But now, Nicasio says, he has the pitch it takes to cross the drawbridge and slay the dragon.
The results were mixed in 5 2/3 innings of a no-decision against the Brewers on Thursday -- three strikeouts, three hits, three walks and three runs. He lost a 3-0 lead by giving up a two-run double with two outs in the fourth, and another couple of doubles led to a tying run in the sixth before manager Walt Weiss removed him with two out and a runner at third.
So is it the same old story? Or did the second inning -- when Nicasio used his new split-finger pitch with confidence to force an Aramis Ramirez fly ball, a Lyle Overbay grounder and a Caleb Gindl strikeout --foreshadow the new Nicasio?
Nicasio said the pitch was not a finished product but that it was effective if he did not try to do too much with it.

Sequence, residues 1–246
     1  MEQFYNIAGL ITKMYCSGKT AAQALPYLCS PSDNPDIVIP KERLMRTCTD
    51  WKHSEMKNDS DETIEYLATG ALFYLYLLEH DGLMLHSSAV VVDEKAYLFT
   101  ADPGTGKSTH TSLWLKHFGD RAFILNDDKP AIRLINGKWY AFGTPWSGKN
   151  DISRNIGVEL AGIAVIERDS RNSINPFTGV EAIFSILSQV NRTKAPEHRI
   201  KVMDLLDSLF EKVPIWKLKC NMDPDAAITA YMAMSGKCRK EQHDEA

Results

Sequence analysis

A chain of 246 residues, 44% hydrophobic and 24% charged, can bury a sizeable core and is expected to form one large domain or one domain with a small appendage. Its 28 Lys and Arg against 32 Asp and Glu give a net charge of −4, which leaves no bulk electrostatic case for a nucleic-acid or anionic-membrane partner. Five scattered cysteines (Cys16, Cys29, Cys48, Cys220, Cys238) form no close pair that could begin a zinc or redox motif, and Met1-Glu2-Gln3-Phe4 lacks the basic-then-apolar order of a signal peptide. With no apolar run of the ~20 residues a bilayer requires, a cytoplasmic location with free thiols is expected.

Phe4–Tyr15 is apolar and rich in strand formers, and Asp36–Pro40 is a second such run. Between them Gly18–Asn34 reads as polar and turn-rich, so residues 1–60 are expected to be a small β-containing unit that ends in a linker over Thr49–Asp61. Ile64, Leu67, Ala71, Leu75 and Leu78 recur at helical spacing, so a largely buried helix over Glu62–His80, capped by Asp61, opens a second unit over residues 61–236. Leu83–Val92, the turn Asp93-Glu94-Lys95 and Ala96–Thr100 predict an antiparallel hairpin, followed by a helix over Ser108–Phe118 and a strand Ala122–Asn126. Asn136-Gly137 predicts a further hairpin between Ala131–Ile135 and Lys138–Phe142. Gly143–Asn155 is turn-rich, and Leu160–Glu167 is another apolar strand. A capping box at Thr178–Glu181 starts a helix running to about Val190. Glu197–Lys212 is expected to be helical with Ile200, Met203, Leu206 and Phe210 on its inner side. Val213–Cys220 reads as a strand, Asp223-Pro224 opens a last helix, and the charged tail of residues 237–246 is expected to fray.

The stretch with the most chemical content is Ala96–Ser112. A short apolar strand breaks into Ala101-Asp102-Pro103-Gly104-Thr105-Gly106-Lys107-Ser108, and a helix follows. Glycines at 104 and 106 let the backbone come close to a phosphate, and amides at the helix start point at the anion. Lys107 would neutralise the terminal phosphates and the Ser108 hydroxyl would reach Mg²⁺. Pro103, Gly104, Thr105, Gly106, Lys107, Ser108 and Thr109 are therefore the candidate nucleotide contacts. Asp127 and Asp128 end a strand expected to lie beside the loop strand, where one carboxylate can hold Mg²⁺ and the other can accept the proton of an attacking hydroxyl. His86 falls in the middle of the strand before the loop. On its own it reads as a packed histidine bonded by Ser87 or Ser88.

"I have more confidence in it because my arm speed is the same as my fastball and my slider," Nicasio said. "Right now I'm concentrating on throwing it down and in the middle and letting it move either way. I know I can make it go to one side or the other by changing the pressure with my fingers, but I don't have that yet. But it works fine when I throw it and let it move."
Nicasio reflects on Aroldis' injury
Any time a pitcher is hit with a line drive, it reminds Nicasio of the Aug. 5, 2011, incident when the line drive from the Nationals' Ian Desmond hit him in the right temple. He sustained a broken neck and a skull fracture, and quick work by the Rockies' training staff, EMTs and doctors most likely saved his life.
So Nicasio could identify with Reds pitcher Aroldis Chapman, who was hit in the face by a line drive on Wednesday night by the Royals' Salvador Perez. Chapman had surgery to repair facial fractures and was ruled to have a mild concussion.
"It's hard whenever I see that, because it reminds me," Nicasio said. "He doesn't have the same thing I did, which is good. I just hope he's going to be OK."
Thomas Harding is a reporter for MLB.com. Follow him on Twitter @harding_at_mlb. This story was not subject to the approval of Major League Baseball or its clubs.